Intraoperative photograph. (a) Here, the herniated spinal cord content is demonstrated (instrument tip to the right). (b) The dural defect (indicated by the instrument), the reduced spinal cord area, and the tapering of the spinal cord at the herniation level are shown



Clinical and diagnostic studies

Utilizing MRI, ISCH has been increasingly recognized. In one series, it was reported to occur in 0.08% of cases.[ 6 7 ] It typically occurs in middle-aged females (range 22-71 years of age) versus males.[ 1 7 9 10 11 ] It most commonly presents as a Brown-Séquard syndrome or a non-focal deficit.[ 1 6 9 ] Although postoperative improvement is commonly reported, the more severe the preoperative deficit, the worse is the prognosis (e.g. 80% of the cases with spastic paraparesis regain motor function).[ 1 4 8 9 ]


Spontaneous ventral cord herniation usually involves the mid-thoracic spine, where the cord is naturally anteriorly situated due to the natural kyphosis.[ 5 ] This facilitates ventral cord herniation through an anterior/anteromedial dural defect that may have resulted from a ventral disc protrusion (causing weakness of dural fibers), an arachnoid cyst (pushing the cord to an anterior sleeve), or other ventral lesions.[ 1 3 4 5 ]

One author[ 8 ] suggested that two factors account for these lesions. They include an anterior dural defect leading to an extradural arachnoid cyst (congenital), or pseudomeningocele (iatrogenic), and the concave defect situated on the site of the spinal curvature (dorsally in the cervical spine and ventrolaterally or ventrally in the thoracic spine).

Other etiologies of spinal cord herniation

There are also multiple other etiological theories as to why ventral thoracic cord herniations occur. The predominant one is that the ventral position/adherence of the thoracic cord leads to compression and extrusion through ventral dural defects attributable to cardiac, pulmonary, and/or CSF pulsations.[ 1 2 6 ] Other theories include chronic inflammation, lytic substances, and inflammatory conditions.

Value of MR in diagnosing spinal cord herniation

Although MRI is the most accurate tool for diagnosing spinal cord herniation, myelo-CT studies also prove useful.[ 9 ] They typically show thinning of the spinal cord and adherence to the anterior spinal canal. T2-weighted images can further directly demonstrate an anterior dural “gap.”

Classification of sagittal and axial MR types of cord herniation

Sagittal MR: In the sagittal plane, three types of thoracic MR cord herniations are identified: Type K shows an obvious ventral spinal kink; Type D, the discontinuous type, is characterized by the spinal cord completely disappearing at the herniation site; and Type P is the protrusion type wherein the anterior subarachnoid space ventral to the thoracic cord disappears, almost without a focal “kink.”[ 7 ]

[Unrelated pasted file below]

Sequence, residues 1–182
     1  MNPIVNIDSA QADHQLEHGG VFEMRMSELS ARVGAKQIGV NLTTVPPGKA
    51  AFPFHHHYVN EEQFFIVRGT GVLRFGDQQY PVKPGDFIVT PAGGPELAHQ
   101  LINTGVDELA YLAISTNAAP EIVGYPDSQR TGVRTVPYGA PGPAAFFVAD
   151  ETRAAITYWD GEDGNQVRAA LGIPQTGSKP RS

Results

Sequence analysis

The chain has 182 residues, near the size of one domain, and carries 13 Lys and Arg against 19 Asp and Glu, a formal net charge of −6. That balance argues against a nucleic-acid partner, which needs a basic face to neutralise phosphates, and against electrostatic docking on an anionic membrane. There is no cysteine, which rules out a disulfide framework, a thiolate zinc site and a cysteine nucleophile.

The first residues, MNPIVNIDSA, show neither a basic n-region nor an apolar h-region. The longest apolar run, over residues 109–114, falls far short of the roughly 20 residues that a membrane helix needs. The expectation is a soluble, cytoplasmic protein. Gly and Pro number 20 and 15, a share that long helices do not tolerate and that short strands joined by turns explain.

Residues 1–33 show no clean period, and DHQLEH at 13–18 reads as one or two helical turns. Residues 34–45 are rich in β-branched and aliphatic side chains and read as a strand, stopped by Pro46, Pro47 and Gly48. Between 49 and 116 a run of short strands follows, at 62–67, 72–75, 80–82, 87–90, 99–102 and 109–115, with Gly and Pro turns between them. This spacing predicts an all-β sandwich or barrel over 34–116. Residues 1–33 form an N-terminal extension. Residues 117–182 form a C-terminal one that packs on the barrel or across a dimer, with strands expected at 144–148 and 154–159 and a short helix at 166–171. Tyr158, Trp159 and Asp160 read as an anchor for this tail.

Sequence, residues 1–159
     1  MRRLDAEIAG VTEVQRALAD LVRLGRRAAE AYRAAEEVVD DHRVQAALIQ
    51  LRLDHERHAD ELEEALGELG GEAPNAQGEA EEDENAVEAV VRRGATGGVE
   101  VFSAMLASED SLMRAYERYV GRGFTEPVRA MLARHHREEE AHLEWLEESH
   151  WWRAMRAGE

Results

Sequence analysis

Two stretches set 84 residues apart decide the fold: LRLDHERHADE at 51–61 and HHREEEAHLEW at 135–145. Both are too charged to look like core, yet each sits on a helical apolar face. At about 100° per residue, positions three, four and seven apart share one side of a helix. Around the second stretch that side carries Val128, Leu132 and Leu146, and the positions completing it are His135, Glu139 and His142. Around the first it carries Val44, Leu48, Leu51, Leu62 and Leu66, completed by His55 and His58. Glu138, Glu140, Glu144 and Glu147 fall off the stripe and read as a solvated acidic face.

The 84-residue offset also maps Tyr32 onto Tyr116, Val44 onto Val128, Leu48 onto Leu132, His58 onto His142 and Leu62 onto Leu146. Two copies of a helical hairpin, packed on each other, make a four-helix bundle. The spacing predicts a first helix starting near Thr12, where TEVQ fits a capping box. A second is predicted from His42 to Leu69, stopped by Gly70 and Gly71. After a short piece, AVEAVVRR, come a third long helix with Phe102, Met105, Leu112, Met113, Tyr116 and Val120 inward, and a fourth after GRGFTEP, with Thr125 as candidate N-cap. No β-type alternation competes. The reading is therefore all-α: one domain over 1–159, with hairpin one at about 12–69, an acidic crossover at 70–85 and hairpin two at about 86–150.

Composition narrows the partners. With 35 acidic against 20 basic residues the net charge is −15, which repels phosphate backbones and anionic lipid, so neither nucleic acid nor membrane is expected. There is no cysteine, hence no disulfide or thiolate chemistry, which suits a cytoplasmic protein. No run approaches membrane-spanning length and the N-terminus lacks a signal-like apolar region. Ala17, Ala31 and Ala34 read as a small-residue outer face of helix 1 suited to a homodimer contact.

Axial MR: Using axial images, the location of cord herniations is classified as central (Type C) and lateral (Type L) types. Furthermore, the laterality of the herniated spinal cord is classified based on its correspondence (same; Type S) or non-correspondence (opposite; Type O) with the location of the herniation.[ 7 ]

Surgery and outcome

Surgery for ISCH is appropriate when a progressive and/or severe neurological deficit occurs.[ 9 ] At first, reduction and repair of the dural defect through thoracotomy and partial corpectomy was described; however, this involved prolonged recovery for most patients.[ 12 ] Most authors, therefore, prefer a laminectomy or laminoplasty often accompanied by looking for and repair of an attendant arachnoid cyst.[ 5 6 8 ] In this case, a laminectomy at T4 with the resection of the dentate ligament permitted gentle rotation of the spinal cord and its reduction through the ventral dural defect that was then repaired with prolene 5-0 sutures.

Prognosis is better if the preoperative deficit is limited.[ 1 4 8 9 ] Nevertheless, when the neurological symptoms are already very serious, with paraplegia and spasticity,[ 1 9 ] as in our case, significant improvement is not likely to occur.


Patients who present with slowly progressive paraparesis or Brown-Séquard syndrome may suffer from a ventral thoracic spinal cord herniation (ISCH). Surgical decompression, utilizing a laminectomy or laminoplasty, may allow for reduction of the cord herniation while facilitating ventral dural repair.